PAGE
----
Snapshot

UK economy rebounds as Covid restrictions are eased


The UK economy grew by 2.3% in the month of April compared to March as the easing of restrictions helped spur a resurgence in activity, especially in the services sectors. The early estimate of growth was slightly better than consensus expectations of 2.2%. It also means that on a rolling three-month basis, economic growth is back in positive territory (1.5%) for the first time since the end of last year.

Within sectors, overall production sectors saw a fall in output of 1.3%, dragged down mostly by mining and quarrying, which fell sharply (-15%). This was due to planned temporary closures for maintenance of oil field production and should reverse next month.

Manufacturing also fell (-0.3%), which may have partly been caused by the closure of the Suez Canal, which caused difficulties in exporting and importing goods. The biggest drag came from the basic pharmaceutical products and preparations sector, where output fell by 16% over the month, and the manufacture of transport equipment (-2.8%).

Services were the main drivers of the rebound as restrictions were reduced for many public facing services. The biggest beneficiary was the accommodation and food services sector, where activity rose by 44% in April. Though this is an astonishing figure for a single month, it’s worth noting that activity in the sector is still 40.5% lower than in February 2020. Further significant gains are due to follow. Wholesale and retail trade also saw strong gains (+8.9%) along with education services, as schools enjoyed their first full month back this year (+11.1%).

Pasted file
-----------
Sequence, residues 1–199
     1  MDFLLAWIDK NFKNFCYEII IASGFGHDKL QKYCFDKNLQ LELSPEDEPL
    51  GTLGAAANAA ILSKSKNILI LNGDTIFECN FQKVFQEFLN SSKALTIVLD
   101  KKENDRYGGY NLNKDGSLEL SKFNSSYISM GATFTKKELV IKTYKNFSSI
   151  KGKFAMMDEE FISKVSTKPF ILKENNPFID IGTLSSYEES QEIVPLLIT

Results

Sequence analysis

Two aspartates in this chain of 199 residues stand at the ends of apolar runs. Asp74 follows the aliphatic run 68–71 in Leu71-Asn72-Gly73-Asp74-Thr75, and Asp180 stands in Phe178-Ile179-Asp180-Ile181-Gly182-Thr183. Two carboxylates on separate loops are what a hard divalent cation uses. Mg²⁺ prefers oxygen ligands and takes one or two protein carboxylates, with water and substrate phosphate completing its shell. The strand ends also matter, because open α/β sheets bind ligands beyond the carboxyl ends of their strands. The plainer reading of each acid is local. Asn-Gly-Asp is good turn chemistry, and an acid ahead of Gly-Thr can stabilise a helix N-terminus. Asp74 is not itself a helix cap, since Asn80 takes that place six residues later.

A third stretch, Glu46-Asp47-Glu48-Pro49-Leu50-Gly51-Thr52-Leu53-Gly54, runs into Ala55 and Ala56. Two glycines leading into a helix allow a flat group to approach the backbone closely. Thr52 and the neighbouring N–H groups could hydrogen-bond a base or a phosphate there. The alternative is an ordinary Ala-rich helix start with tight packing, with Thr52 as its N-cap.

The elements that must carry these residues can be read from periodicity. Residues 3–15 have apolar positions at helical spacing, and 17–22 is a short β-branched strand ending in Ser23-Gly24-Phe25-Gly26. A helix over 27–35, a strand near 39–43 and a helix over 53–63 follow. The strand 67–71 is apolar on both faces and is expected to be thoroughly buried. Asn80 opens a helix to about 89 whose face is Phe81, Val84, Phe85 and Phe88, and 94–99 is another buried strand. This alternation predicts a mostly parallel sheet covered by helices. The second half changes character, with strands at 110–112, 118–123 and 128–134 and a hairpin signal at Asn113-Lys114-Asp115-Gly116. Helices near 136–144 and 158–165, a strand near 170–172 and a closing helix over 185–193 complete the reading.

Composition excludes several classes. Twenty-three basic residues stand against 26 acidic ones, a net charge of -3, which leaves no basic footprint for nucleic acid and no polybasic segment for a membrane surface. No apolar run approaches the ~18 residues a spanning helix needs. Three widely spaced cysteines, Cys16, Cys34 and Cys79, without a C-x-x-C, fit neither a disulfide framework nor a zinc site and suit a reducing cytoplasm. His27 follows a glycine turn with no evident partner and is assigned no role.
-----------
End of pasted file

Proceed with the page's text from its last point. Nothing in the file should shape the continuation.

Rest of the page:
Finally, construction sector output moderated (-2%) after a strong rise in March (+5.8%). Construction output is now 2.3% above its pre-pandemic levels, however, we continue to forecast robust gains this year. We expect this to occur as the evidence from private business surveys suggests that investment is set to accelerate into the second half of the year.

Overall, the latest growth figures are encouraging and we anticipate similar gains for the month of May. This puts the economy on course for over 5% growth for the second quarter as a whole. Private business surveys have remained very strong, but are warning that shortages of materials and parts are forcing manufacturers to raise their prices. 

The Office for National Statistics also reports that the share of those employed and partially furloughed, or on furlough leave, fell 4.5 percentage points to 12.6% - its lowest level since December 2020. The share working at their normal place of work rose 5.7 percentage points to 54.7%, again, back to December 2020 levels.

With unemployment falling to 4.8% in the three months to March, it appears that momentum is building in the labour market, which should help boost consumer confidence and spending. The challenge comes when the government’s furlough scheme is unwound through the summer, but we suspect strong demand should help most workers return to usual employment.

For the Bank of England (BoE), its biggest challenge will be managing expectations of rate rises as growth and the labour market recover. Inflation is trending up over the coming month, largely due to the recovery in energy prices, but also the removal of the VAT discounts from last year.

However, our forecast has CPI inflation falling back below target next year. While the BoE may end its quantitative easing programme this year, our forecast suggests it should keep interest rates on hold for some time, potentially until 2023.

 

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